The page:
Indiana's state lawmakers approved a constitutional amendment Monday banning same-sex marriage, but gay rights supporters aren't all that upset about it. Sound confusing? (Via The Indianapolis Star, The Wire, The New York Times)
Well, it is kind of confusing. Indiana's conservative legislature did approve a resolution banning same-sex marriage today. But they also passed a slightly different same-sex marriage ban in 2011 — which turns back the clock on the whole process.
Indiana requires two separately-elected legislatures to pass a constitutional amendment before it's even put on a ballot for voters. Because 2011's bill also banned civil unions — and this year's Senate didn't want to go that far — Monday's vote puts the fight for a same-sex marriage ban back at the starting line. Speaking to WRTV, people on both sides of the debate walked away with mixed feelings. (Via WISH)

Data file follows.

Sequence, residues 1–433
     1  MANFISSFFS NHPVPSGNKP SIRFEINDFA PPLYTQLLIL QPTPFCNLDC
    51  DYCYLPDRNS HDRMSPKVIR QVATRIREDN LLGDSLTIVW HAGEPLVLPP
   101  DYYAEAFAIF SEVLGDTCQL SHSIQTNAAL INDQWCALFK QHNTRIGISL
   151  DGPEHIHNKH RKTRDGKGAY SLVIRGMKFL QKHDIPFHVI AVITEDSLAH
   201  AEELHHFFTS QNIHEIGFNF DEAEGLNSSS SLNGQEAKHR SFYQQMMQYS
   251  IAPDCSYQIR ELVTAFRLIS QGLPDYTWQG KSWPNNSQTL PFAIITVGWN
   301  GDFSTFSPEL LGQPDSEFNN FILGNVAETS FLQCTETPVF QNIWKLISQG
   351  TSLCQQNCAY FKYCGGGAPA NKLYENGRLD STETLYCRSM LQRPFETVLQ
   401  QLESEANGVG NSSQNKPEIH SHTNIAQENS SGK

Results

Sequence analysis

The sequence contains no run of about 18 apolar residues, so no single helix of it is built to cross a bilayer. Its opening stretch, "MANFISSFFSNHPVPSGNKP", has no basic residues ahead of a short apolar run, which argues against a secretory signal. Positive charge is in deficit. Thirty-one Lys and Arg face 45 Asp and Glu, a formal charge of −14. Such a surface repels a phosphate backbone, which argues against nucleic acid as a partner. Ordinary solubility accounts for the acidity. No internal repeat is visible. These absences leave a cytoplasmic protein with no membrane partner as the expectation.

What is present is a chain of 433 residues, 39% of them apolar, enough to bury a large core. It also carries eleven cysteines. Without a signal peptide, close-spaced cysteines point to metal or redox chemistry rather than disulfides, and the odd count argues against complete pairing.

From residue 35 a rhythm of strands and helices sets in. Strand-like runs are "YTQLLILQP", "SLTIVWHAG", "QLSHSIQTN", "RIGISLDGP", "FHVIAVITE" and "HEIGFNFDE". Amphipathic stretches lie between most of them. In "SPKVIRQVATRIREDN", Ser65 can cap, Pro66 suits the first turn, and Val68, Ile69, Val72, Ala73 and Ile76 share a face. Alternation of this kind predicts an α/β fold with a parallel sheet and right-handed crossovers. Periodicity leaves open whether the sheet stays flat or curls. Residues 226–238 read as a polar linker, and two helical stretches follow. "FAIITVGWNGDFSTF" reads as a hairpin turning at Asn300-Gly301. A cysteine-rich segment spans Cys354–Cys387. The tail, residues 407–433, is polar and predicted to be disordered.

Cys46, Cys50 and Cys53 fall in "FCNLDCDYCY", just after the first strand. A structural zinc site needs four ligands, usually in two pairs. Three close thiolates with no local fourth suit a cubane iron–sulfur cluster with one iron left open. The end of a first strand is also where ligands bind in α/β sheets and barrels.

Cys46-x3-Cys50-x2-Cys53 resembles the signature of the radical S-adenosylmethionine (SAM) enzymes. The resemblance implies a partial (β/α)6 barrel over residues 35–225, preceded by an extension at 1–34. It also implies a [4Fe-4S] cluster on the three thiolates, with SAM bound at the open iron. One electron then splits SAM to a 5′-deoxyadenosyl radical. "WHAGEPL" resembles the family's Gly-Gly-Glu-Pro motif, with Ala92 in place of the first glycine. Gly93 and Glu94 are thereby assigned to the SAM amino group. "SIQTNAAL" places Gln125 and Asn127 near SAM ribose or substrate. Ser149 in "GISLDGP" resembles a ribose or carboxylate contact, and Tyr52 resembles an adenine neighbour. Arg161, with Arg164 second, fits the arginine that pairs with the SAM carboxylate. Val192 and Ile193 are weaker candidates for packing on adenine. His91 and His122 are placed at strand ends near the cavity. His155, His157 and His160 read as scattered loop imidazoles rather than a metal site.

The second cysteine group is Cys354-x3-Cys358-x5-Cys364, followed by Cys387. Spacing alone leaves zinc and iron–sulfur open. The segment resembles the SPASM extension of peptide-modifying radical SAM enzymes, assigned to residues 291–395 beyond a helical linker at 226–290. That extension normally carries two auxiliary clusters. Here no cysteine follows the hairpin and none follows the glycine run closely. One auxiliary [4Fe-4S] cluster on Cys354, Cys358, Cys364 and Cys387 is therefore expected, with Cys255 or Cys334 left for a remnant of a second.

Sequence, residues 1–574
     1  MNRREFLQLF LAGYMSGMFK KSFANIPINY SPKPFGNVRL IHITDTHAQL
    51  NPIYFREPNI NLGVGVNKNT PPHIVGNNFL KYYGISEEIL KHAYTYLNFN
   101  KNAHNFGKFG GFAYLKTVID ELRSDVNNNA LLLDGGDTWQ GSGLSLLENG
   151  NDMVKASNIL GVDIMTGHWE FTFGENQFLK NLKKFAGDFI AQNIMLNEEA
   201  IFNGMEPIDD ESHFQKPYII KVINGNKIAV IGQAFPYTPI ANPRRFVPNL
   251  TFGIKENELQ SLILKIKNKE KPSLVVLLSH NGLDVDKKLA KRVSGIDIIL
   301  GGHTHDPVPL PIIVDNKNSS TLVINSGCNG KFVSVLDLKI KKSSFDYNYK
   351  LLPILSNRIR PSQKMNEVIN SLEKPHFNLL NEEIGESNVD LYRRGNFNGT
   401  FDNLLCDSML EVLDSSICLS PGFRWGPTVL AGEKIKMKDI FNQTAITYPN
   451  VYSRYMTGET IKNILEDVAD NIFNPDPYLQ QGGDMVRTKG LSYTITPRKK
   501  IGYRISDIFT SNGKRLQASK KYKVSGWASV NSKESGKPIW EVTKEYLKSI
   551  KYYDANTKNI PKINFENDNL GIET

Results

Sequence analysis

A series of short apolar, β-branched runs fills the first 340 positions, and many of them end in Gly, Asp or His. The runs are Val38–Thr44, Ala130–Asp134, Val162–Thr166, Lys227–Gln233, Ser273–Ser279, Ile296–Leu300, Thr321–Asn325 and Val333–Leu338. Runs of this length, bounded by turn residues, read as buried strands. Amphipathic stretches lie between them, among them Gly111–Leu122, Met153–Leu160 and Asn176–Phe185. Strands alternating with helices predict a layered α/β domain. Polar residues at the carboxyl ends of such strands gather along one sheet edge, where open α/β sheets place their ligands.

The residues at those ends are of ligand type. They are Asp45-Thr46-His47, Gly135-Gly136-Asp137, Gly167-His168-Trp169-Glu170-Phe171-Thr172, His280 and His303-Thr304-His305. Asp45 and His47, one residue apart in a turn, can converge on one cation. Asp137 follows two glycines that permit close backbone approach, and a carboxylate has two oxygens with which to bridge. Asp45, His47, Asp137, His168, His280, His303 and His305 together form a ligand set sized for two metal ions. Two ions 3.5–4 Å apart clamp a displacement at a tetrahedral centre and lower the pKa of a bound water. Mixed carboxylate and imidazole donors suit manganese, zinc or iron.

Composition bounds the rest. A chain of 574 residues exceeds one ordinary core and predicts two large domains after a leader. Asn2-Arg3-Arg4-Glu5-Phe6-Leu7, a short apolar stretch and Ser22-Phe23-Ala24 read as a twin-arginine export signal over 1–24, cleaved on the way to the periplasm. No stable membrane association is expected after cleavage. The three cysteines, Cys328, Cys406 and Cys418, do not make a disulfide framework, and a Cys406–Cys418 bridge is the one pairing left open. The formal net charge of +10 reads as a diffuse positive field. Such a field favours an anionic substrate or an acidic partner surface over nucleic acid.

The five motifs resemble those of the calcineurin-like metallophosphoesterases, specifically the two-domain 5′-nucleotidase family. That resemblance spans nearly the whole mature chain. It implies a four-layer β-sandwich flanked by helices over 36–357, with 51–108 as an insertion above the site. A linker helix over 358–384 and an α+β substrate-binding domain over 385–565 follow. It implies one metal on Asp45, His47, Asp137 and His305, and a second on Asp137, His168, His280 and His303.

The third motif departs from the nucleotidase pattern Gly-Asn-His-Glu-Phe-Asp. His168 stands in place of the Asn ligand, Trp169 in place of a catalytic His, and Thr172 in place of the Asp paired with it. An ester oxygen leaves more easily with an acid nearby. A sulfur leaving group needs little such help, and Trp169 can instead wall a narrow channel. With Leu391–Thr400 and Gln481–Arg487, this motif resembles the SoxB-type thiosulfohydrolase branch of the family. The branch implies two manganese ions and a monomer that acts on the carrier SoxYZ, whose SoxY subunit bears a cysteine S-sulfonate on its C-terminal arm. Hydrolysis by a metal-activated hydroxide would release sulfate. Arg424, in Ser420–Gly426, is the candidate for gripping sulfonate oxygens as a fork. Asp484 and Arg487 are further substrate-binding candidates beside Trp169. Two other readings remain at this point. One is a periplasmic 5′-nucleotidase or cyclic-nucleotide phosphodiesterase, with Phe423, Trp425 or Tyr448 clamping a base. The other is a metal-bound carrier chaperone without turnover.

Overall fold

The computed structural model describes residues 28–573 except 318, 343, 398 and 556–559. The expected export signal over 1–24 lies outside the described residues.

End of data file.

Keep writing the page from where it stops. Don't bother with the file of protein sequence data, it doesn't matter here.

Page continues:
"We've not lost any ground here in Indiana. We just haven't secured the additional protections for marriage and family."
"I'm disappointed. I thought there was a chance it could be struck down today."
So, to put a same-sex marriage ban in front of voters on a November ballot, Indiana lawmakers elected this fall will have to pass a bill identical to Monday's legislation in either 2015 or 2016.
As is, 33 states ban same-sex marriage. Those are seen in red here. You can see Indiana is already light red, meaning a statute in state law bans same-sex marriage. Conservatives just want it in the state Constitution, too. (Via Wikimedia Commons)
But gay rights advocates say delaying a statewide referendum on the issue for two more years will give them enough time to sway public opinion in their favor.